The study, “Splendor in the Grass? A Pilot Study Assessing the Impact of Medical Marijuana on Executive Function,” led by Staci Gruber, PhD, also explored whether patients experienced improved cognitive functioning, reports Cynthia Than at Inc.
“After three months of medical marijuana treatment, patients actually performed better, in terms of their ability to perform certain cognitive tasks, specifically those mediated by the frontal cortex,” Dr. Gruber explained.
Anxiety Relief Equals Improved Cognition
Previous studies have already shown that anxiety often lessens both attention and executive function, so if cannabis products relieve anxiety, it makes sense that a patient’s cognitive function improves. Chronic pain also impairs cognitive performance, especially in tasks requiring executive function, so a reduction in pain level likely increases concentration and cognitive performance.
“Symptom improvement may therefore result in improved cognitive performance,” the authors wrote. “Interestingly, two previous studies have noted a positive association between a history of MJ use and improved cognitive performance on measures of psychomotor speed, working memory, executive functioning, and verbal learning in patients with bipolar disorder compared to patients without a history of marijuana use.”
Subjects in the study completed the Wechsler Abbreviated Scale of Intelligence, “which provides an estimate of overall cognitive functioning, to ensure an estimated IQ of 75 or higher,” according to the study. Each participant also completed several executive functioning tasks. These included the Stroop Word Color Test, the Trail Making Test, and the Wisconsin Card Sorting Test.
Performance Significantly Improves After 3 Months
After three months of medicinal cannabis treatment, participants completed tasks significantly faster, without making any more errors.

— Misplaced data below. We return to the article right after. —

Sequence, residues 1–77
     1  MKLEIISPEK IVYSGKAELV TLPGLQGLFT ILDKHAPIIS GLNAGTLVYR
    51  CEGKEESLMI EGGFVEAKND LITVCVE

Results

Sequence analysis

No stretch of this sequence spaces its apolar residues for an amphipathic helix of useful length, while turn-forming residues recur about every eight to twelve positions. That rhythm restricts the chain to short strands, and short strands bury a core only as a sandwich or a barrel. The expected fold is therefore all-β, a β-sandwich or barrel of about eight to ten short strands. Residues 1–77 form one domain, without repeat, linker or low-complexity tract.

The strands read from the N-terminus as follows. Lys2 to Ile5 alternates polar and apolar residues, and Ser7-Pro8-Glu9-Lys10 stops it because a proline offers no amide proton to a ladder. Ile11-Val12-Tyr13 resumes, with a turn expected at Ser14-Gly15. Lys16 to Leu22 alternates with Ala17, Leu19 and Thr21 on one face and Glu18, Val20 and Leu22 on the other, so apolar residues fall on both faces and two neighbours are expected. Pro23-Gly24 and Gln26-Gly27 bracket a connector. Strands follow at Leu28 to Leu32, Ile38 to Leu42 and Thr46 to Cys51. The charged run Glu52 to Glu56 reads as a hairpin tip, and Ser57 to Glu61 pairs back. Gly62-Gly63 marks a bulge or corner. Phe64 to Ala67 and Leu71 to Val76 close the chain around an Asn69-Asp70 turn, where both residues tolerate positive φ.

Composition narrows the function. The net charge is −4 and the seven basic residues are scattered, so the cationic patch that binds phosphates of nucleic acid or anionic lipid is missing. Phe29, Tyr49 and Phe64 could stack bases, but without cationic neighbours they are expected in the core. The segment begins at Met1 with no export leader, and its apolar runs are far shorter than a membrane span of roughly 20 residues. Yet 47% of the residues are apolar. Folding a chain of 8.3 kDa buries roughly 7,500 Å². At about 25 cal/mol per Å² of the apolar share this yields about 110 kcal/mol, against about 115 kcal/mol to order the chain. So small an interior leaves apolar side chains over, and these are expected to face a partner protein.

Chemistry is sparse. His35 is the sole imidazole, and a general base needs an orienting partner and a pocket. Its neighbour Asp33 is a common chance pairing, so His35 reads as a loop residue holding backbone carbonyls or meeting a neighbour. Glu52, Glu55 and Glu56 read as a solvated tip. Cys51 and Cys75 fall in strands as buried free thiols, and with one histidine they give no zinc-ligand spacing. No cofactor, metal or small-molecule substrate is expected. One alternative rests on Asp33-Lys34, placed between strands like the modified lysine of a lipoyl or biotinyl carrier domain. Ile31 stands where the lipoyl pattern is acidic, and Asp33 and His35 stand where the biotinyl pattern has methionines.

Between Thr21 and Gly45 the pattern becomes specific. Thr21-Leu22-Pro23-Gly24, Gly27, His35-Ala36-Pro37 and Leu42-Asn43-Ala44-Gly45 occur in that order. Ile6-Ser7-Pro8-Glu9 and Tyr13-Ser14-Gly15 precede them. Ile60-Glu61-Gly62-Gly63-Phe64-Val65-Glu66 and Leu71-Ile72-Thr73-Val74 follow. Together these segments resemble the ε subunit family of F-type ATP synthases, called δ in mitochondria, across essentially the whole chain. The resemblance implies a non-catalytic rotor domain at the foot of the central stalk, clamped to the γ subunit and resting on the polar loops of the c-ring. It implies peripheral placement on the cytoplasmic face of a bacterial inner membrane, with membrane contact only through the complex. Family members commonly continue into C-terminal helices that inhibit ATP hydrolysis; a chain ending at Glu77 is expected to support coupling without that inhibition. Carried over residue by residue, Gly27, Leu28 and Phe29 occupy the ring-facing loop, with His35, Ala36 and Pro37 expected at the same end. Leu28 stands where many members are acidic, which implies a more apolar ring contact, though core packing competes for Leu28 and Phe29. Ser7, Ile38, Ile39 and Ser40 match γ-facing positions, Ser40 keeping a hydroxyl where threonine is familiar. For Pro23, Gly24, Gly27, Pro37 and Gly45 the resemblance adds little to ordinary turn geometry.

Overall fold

“Further, patients reported some improvements on measures of clinical state and general health as well as a decrease in conventional pharmaceuticals, notably opiate use, which was reduced by 42% between the baseline and Visit 2 assessment,” the study’s authors noted.
More than 22 million Americans report current use of recreational marijuana, and more than 1 million are certified for medical cannabis use, according to the Center for Behavioral Health Statistics and Quality.
CBD A Factor?
The authors speculate that the greater presence of CBD (cannabidiol) in medical marijuana products may be part of the answer as to why medicinal cannabis users don’t experience the cognitive deficits seen in some recreational marijuana users.
Gap Between Science and Policy
Since medical cannabis users in the study didn’t experience the cognitive deficits commonly observed in recreational users, the authors believe that “it is in the public’s best interests to develop a robust, evidence-based understanding of both the positive and negative effects of MMJ use on various aspects of functioning: cognition, quality of life, physical and emotional health.”
“Given its Schedule I classification, research studies exploring both potential risks and benefits of MMJ have faced numerous obstacles, forcing policy to outpace science in recent years,” the authors write. “As the national climate warms toward MJ, research is slowly pushing forward. However, much is left to be explored before the gap between science and policy can begin to close.”